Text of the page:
A Reader Asks: Is It True That There Is No Self?The assertion that self is an illusion is not even wrong — it’s self-refuting, like saying “I don’t exist” or “Misery is green”
Sir, I am confused after reading the view of materialist philosophers regarding the sense of self. One of them, Thomas Meitzinger, a German philosopher and expert in conciousness, said that “There is no self” in his book. He said that self is an illusion produced by modules of brain. Is it so? Please help me understand this view.
Thomas Meitzinger (pictured) is a prominent philosopher of mind who has a strong interest in artificial intelligence. I don’t know his work well, but what I do know of it, I find unintelligible. Perhaps it’s me, or perhaps he’s a sophist, or perhaps both.
But this much is clear: My self cannot be an illusion, because having an illusion presupposes a self. A rock, which has no self, cannot have illusions.
The assertion that self is an illusion is not even wrong — it’s self-refuting, which means it’s nonsense. It is like saying “I don’t exist” or “Misery is green.”
One can say such things poetically, but taken literally they make no sense. To say “My self is an illusion” isn’t to offer a proposition. The words are a sentence only in a grammatical sense. Intellectually, it’s just making a noise with your mouth and vocal cords.
That said, there is a sense in which “self” and “illusion” can rightly be juxtaposed. Ludwig Wittgenstein (1889–1951, pictured) is, in my view, the best modern philosopher of mind. His understanding of philosophy was profound. He pointed out that we must be very careful about our language when we contemplate and discuss these subtle topics.
He distinguishes knowledge from mental states. Here’s his famous aphorism:
“What can be said at all can be said clearly; and whereof one cannot speak thereof one must be silent.”
The aphorism can be understood as the assertion that to know something (and thus to speak of it) is not the same thing as to think something (where “think” means to experience a mental state).
To know something is to make a proposition about a state of affairs. To think is to experience—thinking is not propositional. A clear example is the difference between knowing about pain and having pain. To know about pain is to make a claim about it. To have pain is to experience it. Knowing pain doesn’t hurt. Having pain does hurt.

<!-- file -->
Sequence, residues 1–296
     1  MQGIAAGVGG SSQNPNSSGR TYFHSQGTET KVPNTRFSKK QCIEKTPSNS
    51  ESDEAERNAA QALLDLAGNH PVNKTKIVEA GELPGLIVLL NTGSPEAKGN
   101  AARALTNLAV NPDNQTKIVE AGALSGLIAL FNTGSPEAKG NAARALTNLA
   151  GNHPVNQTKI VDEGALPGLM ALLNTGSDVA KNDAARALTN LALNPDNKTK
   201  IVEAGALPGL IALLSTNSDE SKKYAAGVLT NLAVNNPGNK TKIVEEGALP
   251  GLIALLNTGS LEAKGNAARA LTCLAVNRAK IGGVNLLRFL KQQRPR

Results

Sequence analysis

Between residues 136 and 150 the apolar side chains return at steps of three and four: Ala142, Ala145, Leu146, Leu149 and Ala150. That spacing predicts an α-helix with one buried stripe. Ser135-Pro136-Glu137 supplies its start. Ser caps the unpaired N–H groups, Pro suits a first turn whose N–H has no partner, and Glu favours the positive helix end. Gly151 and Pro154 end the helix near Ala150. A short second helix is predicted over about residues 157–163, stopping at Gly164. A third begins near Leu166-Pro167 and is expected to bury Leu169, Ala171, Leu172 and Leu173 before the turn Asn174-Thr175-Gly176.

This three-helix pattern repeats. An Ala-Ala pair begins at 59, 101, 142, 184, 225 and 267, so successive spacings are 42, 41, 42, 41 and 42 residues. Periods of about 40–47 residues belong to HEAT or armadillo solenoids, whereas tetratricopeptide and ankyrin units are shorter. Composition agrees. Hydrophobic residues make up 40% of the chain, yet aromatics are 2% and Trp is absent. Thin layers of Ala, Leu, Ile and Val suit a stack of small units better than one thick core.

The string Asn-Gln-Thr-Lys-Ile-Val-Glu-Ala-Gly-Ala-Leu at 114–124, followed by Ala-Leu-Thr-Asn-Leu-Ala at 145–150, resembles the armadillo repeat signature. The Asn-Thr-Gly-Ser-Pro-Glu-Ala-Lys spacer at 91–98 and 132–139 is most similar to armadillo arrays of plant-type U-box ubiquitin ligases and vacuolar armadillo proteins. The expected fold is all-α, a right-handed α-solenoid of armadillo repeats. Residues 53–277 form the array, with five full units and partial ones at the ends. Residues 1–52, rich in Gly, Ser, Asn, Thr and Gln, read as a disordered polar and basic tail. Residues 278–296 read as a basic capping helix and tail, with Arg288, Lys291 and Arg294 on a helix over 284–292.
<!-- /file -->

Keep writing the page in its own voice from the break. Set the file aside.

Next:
Ironically, this insight leads to an astonishing inference: I can know other people’s pain (if they tell me), but I can’t know my own pain (because experiencing pain is not a kind of knowledge). Of course, I can know about my pain — I can try to determine what is causing it, what to do about it, etc., but my having pain is not knowledge, it’s experience. Diagnosing the source of my pain doesn’t hurt. Having pain hurts.
Perhaps this is what Meitzinger is getting at when he claims that the self is an illusion. If he means that to understand “self” is to know something –- and that the knowledge is not a mental state –- then he has a point. But “self is an illusion” is not a clear way to make the point.
There is much to say on Wittgenstein’s philosophy of mind — many astonishing insights and many pitfalls. I’ll have more to say about that later.
Note: The portrait of Ludwig Wittgenstein, on being awarded a scholarship from Trinity College in 1929, is by Clara Sjögren from Ludwig Wittgenstein: The Duty of Genius by Ray Monk (ISBN 978-1-448-11267-8)
You may also enjoy: A reader asks: Does neuroscience disprove free will? Materialists sometimes misrepresent the evidence for free will, especially Benjamin Libet’s work.
How much of neuroscience is an unwitting hoax? Michael Egnor: Philosopher Ludwig Wittgenstein saw that much materialist neuroscience was neither true, nor false, just nonsense. Physicist Alan Sokal hoaxed postmodern journals (the famous Sokal hoax) but materialists like Francis Crick (1916–2004) seem to hoax themselves.